The best graham cracker crust comes from homemade Graham crackers. I realize that might seem a little…much…for some folks, but honestly, they aren’t hard to make, and if you’re just going to turn them into crumbs, you don’t even really have to bother rolling them out and cutting them.
I am telling you, if you are a cheesecake fan, a lemon meringue tart fan, or a no-bake pie fan, you will really be able to up your Graham crust game by making Graham crackers from scratch!
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Why Make Your Own Graham Crackers?
Mass produced food is convenient, but it isn’t always awesome and doesn’t always contain the highest quality ingredients.
For example, here’s the ingredient list for Nabisco’s Honey Maid Graham crackers:
- Unbleached Enriched Flour
- Graham Flour
- Soybean And/Or Canola Oil
- Leavening (Baking Soda And/Or Calcium Phosphate)
- Soy Lecithin
- Artificial Flavor
While there is nothing inherently awful about this ingredient list, there is no really good reason for the oils, lecithin (an emulsifier) or the artificial flavor.
When you make your own Graham crackers, you can leave out the lecithin altogether and use butter and real flavoring/s for Way Better Flavor than store-bought.
By the way, Honey Maid Graham Crackers have a 182-day shelf-life. Is that the kind of cookie you want to make a crust out of?
I think not.
How To Make Graham Crackers
Homemade Graham crackers are easy to make. And, once you’ve made them, save some for eating and then grind the rest up in the food processor to make the best Graham cracker crust you’ve ever had.
You can also freeze the crumbs for a good month or two so they’ll be ready the next time you need to whip up a Graham crust.
Here’s what you’ll need to make them:
- all purpose flour: You can most likely make these with all whole wheat flour. Using half all-purpose makes them a bit more refined in texture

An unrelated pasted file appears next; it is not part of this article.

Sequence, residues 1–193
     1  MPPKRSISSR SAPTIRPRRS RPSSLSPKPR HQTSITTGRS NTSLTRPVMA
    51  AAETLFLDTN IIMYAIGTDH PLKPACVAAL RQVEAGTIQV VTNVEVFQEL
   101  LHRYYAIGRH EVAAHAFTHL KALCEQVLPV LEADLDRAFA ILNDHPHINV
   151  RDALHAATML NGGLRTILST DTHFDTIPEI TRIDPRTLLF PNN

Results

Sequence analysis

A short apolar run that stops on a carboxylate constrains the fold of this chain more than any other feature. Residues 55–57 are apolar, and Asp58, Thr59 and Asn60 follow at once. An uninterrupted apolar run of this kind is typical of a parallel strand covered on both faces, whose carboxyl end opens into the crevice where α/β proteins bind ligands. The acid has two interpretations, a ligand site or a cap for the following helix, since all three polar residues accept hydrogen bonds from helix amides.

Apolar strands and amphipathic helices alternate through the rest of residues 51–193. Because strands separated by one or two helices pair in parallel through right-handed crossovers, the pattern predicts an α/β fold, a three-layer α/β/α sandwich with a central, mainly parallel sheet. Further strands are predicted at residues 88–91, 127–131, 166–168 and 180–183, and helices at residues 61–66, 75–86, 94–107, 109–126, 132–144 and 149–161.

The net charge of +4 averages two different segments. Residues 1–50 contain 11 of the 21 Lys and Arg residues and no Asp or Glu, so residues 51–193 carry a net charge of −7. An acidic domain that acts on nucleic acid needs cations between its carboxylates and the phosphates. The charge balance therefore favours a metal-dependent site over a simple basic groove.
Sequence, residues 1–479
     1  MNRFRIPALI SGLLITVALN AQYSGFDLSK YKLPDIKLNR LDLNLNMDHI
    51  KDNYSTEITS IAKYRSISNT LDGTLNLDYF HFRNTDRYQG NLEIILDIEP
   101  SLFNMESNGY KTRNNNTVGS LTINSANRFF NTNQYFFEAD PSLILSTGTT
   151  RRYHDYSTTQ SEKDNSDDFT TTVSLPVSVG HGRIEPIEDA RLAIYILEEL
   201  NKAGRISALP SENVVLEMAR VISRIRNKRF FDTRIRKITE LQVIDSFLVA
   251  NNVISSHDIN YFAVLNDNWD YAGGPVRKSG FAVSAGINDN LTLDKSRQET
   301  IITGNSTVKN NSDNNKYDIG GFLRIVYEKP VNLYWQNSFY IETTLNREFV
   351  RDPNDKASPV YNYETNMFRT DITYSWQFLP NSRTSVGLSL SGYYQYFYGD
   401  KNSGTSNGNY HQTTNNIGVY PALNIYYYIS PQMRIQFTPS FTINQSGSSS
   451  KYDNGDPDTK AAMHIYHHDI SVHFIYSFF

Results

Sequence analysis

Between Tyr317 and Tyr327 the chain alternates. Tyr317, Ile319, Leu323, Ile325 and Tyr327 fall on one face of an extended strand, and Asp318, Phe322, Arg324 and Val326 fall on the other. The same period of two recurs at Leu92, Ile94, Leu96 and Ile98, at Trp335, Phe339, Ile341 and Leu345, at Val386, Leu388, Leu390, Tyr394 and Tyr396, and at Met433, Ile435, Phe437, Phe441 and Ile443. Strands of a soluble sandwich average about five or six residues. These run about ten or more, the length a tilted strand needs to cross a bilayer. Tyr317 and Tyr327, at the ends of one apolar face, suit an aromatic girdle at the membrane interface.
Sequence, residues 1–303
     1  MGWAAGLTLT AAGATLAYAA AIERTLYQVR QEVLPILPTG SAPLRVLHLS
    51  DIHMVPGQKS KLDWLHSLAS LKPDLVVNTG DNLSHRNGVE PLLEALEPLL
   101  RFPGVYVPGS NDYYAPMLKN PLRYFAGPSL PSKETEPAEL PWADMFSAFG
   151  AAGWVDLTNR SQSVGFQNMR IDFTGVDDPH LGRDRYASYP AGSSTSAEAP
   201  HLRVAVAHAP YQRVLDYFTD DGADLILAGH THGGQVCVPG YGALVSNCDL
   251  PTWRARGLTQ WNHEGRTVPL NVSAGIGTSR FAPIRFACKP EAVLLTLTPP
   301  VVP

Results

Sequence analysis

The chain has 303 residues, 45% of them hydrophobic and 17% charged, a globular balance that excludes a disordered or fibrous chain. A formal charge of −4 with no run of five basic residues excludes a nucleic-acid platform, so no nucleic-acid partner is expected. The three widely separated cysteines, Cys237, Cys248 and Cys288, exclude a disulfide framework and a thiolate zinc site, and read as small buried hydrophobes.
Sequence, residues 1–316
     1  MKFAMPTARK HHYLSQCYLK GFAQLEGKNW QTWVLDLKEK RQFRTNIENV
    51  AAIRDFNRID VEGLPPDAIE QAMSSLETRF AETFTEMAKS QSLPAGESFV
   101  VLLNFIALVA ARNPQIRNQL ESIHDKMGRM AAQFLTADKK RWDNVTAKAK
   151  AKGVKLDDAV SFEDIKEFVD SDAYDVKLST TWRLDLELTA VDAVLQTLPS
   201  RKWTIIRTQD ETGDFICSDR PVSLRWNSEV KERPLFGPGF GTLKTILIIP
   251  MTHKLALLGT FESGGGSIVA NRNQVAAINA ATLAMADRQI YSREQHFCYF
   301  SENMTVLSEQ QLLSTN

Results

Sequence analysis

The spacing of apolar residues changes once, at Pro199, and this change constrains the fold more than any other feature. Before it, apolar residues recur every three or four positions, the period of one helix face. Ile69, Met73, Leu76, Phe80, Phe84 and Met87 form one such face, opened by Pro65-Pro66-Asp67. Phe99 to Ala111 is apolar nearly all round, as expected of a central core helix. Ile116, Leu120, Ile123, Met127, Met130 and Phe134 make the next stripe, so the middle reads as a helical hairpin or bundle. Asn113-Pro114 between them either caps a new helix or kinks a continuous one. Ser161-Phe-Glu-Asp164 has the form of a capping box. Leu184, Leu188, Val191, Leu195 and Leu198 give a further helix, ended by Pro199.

- whole wheat flour: or Graham flour. The two are similar and are interchangeable for the purposes of making these cookies/crackers
- baking soda: reacts with the molasses in the brown sugar to provide just a little lift so they aren’t too crunchy or hard when baked
- cinnamon: for flavor. Switch things up and use pumpkin spice or apple pie spice if you’d like
- salt: brings out the flavor of the molasses, butter, and honey
- butter: provides the fat, so it assists in browning and in helping the cookies hold together. It also carries flavor.
- brown sugar: for sweetness, browning, and the acid to provide some lift. Use dark or light–it’s your preference.
- honey: provides a bit of extra sweetness and keeps the cookies from drying out. Most honey is on the acidic side, so it too will react with the baking soda to provide some lift.
- Whisk all the dry ingredients together and set aside.
- Cream the butter, brown sugar, and honey together until smooth.
- Mix in the dry ingredients on low speed.
- Roll the dough between two sheets of parchment until about 1/8″ thick.
- Refrigerate for about an hour to firm the dough up.
- Bake until done.
Once they’re ready to bake, you can either use a pizza wheel to cut them into crackers of whatever size you want or leave it as one big sheet to bake and crumble for crumbs.
If you do decide to cut them, to make them look like “authentic” Graham crackers, use the tines of a fork to pierce them all over to give them that classic look.
Once you bake your Grahams, go back over your score marks with the pizza cutter as soon as they come out of the oven. Let cool completely and then break them apart into crackers.
How to Make a Crust from Your Homemade Cookies
Whether you’re using store bought Grahams or you make your own, making your crackers into a Graham cracker crust is really easy.
- Measure out 1 1/2-2 cups Graham cracker crumbs.
- Pulse with 3-4 Tablespoons of butter and a pinch of salt.
- Press into the bottom and up the sides (or not) of your pie pan or springform pan.
- Bake for 8-10 minutes at 350F to set the crust.
Tips & Tricks for Success
There’s no need to beat the butter and sugar until light and fluffy. We’re making cookies and not a cake, so they don’t need to rise high.
Just blend the butter and sugar together until they form a paste.
If you’re going to be making Graham crackers to use for crust, there is no real reason to cut them into individual cookies. You can just bake them as one large sheet and then crumble them when they cool.
If you are going to cut them into individual cookies, use a pizza wheel for this. You can measure them if you want, but I just zip the cutter back and forth to get reasonably uniform squares.
PRO TIP: There is no real need to add additional sugar to crumb crusts. The filling is usually sweet enough, and your crumb crusts will turn out crunchy yet easy to cut.
If making a crumb crust with a very sweet cookie, add some ground nuts to the crumbs to cut down on the sweetness and reduce the risk of your crust turning hard as a rock.
Q & A